A Radical Reassessment of the French Revolution – By Sinéad Fitzgibbon

Sinéad Fitzgibbon on Jonathan Israel’s Revolutionary Ideas: An Intellectual History of the French Revolution from The Rights of Man to Robespierre

Jonathan Israel, Revolutionary Ideas: An Intellectual History of the French Revolution from The Rights of Man to Robespierre , Princeton University Press, 2014, 888pp., $39.95
Jonathan Israel, Revolutionary Ideas: An Intellectual History of the French Revolution from The Rights of Man to Robespierre , Princeton University Press, 2014, 888pp., $39.95

If ever there were a phrase synonymous with the French Revolution, surely Marie Antoinette’s “Let them eat cake” is it. That the Austrian-born wife of Louis XVI in all probability never uttered these words has not prevented the story being repeated ad infinitum. The appeal of the tale is two-fold. It perpetuates the irresistible, if erroneous, impression of Marie Antoinette as a cold, fickle queen who lacked both awareness and human sympathy, and in doing so allows us to place a veneer of barely-examined justification over her execution. The other reason for the longevity of the “Let them eat cake” narrative stems from the fact that it has become, in the words of the author and historian Antonia Fraser, “a handy journalistic cliché”; or, to put it another way, the phrase worked as an effective shorthand description that neatly encapsulated the Marxist hypothesis, which prevailed for much of the 20th century and explained the French Revolution as the result of class conflict, aggravated by poverty and oppression by the absolute Bourbon monarchy.

In recent decades historians have moved away from the belief that tension between the various strata of French feudal society, which pitted the bourgeoisie against the monarchy, the aristocracy, and a corrupt Catholic Church, was the main driver of events in revolutionary France. The collapse of this causal theory renders the “Let them eat cake” story entirely impotent — it is no longer fit for purpose. And neither, according to Jonathan Israel’s latest book, Revolutionary Ideas: An Intellectual History from The Rights of Man to Robespierre, is the current post-Marxist thinking on the issue. “Historians working on the French Revolution have a problem,” he asserts in the opening paragraph of this wrist-wearying, lengthy tome. We must fill the vacuum left in the wake of the class conflict theory, yet “all of our attempts to find an explanation in terms of social groups or classes, or particular segments of society becoming powerfully activated, have fallen short.” The currently-fashionable view holds that there was no one major cause behind the proletarian unrest that gave rise to the Revolution of 1789instead there were many minor social and economic components which came together in a stars-aligning kind of way to spark the French Revolution into life. Israel maintains that this view is wholly incorrect. These “numerous small contributory impulses […] all marginal when taken individually, hardly suffice to fill the explanatory gap left by the collapse of every general argument, such as the Marxist thesis of class struggle or the once widely held view that impoverishment and falling real wages created a severe subsistence crisis with deteriorating living standards for most.” These factors merely provide a socioeconomic background without explaining “why French society, politics and institutions came to be transformed suddenly and dramatically in every way.”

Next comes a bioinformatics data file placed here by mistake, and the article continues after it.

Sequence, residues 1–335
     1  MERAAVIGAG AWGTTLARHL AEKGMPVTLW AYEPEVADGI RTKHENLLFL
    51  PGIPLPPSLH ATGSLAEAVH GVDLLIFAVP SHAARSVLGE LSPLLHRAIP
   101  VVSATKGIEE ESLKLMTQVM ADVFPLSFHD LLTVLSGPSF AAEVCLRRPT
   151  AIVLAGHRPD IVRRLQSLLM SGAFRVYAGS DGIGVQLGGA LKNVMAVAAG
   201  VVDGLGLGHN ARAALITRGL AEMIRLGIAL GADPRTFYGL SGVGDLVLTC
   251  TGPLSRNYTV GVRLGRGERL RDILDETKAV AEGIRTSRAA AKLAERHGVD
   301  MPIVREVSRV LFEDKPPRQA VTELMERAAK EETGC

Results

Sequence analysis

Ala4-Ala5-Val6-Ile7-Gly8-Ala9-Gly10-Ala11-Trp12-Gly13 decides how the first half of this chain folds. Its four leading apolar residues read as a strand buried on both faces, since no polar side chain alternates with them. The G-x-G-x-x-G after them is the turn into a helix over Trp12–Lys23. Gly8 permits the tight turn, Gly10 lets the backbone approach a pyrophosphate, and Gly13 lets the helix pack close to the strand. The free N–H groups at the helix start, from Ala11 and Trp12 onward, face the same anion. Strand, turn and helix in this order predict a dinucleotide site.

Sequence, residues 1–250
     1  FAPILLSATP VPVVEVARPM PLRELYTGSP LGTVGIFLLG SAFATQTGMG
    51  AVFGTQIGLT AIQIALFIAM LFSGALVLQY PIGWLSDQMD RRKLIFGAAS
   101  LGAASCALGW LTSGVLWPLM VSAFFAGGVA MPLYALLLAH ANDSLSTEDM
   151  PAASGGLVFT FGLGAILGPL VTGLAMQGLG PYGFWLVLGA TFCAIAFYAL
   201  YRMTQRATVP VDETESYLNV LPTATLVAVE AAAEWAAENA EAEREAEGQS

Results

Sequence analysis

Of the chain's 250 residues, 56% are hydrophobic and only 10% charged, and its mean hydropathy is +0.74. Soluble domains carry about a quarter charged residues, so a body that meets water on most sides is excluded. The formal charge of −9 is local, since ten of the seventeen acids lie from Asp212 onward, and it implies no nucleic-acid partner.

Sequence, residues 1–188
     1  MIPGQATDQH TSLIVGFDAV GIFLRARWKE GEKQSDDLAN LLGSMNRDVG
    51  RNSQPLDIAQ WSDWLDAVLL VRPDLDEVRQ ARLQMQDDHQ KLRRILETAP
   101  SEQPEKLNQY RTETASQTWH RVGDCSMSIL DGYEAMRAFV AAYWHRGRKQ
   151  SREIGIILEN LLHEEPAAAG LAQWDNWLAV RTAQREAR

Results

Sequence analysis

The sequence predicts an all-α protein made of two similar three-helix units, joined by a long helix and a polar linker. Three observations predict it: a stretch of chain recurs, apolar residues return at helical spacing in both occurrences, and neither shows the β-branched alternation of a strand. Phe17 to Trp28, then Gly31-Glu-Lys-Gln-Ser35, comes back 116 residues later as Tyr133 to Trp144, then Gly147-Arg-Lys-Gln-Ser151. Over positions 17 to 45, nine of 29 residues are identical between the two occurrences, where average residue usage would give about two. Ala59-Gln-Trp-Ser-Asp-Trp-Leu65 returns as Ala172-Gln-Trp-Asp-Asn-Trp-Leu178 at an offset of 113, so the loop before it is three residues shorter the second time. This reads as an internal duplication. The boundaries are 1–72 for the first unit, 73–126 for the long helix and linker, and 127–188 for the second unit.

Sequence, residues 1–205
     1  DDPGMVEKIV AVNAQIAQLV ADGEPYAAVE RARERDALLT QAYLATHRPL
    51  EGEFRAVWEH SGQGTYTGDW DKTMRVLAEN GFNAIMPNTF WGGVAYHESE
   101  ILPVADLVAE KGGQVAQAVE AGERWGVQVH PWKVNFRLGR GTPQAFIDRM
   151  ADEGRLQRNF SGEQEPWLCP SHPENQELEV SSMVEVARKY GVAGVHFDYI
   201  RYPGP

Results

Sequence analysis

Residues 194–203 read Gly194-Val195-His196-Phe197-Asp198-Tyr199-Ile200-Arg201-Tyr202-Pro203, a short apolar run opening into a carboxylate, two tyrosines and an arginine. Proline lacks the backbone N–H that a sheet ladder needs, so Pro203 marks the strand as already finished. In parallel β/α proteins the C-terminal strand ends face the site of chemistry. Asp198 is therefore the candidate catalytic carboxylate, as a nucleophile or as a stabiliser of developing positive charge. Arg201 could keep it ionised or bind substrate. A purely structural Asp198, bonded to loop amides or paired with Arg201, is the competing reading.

With this battle cry still ringing in the air, Israel proceeds to put forward a new and hugely interesting alternative argument. There was one major cause of the French Revolution, he insists; historians have simply been looking for it in all the wrong places. If we shift the focus from social, cultural, and economic history to intellectual history, we see that the libertarian ideas of the Radical Enlightenment lie behind the revolts of late-18th century France. It was la philosophie of the Radical Enlightenment, particularly the works of Hélvetius, d’Holbach, Diderot and Raynal, that liberated the intellect of men from the chains of religious superstition and credulity. In doing so, Israel claims, it furnished the Revolution’s early leadership with the clarity of thinking required to destroy all existing ancien régime institutions and societal structures, and in its place to establish the world’s first genuine democracy. Or, to refer to the title of another of Israel’s books on the Radical Enlightenment, the French Revolution was a direct consequence of a revolution of the mind.

Over the next seven hundred pages, Israel retells the events of 1788 to 1799 purely from an intellectual perspective. There were, he says, no less than three revolutions during these years. The first of these, from 1788, was a liberal constitutional monarchist revolution based on the British system. Inspired by the philosophy of Montesquieu, this was a moderate movement that sought to develop a new democratic governmental structure that would allow the French royal family to remain in situ but stripped of all autocratic power. The constitutional monarchists’ position was greatly damaged by Louis XVI’s unsuccessful and unhelpful attempt to flee the country (which became known as the Flight to Varennes). This action, which shattered any illusion that Louis supported his subjects’ democratic wishes, precipitated the downfall of the Bourbon monarchy in the insurgency of August 1792. As a result, a new kind of revolution took hold — a democratic republican revolution which could now wholeheartedly devote itself to the utopian Enlightenment ideals of liberté, egalité, and fraternité without having to make allowances for the existence of a monarchy which was, even in constitutional form, completely at variance with the Declaration of the Rights of Man. This, in turn, was superseded by a third revolution — this time a populist authoritarian movement orchestrated by the Montagnards which gained traction following the rise of the Paris Commune and which saw Maximillian Robespierre take power by means of a brutal and bloody coup d’état in June 1793.